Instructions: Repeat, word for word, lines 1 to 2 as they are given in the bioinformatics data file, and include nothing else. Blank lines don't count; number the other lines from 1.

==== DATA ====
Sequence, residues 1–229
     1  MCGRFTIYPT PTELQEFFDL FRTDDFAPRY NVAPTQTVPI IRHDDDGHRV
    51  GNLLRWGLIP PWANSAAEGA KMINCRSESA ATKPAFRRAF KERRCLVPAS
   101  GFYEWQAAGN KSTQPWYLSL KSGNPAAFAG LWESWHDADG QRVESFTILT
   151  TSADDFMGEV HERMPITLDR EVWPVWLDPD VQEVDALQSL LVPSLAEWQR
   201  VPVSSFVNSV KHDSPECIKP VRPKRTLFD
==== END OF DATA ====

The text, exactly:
Sequence, residues 1–229
     1  MCGRFTIYPT PTELQEFFDL FRTDDFAPRY NVAPTQTVPI IRHDDDGHRV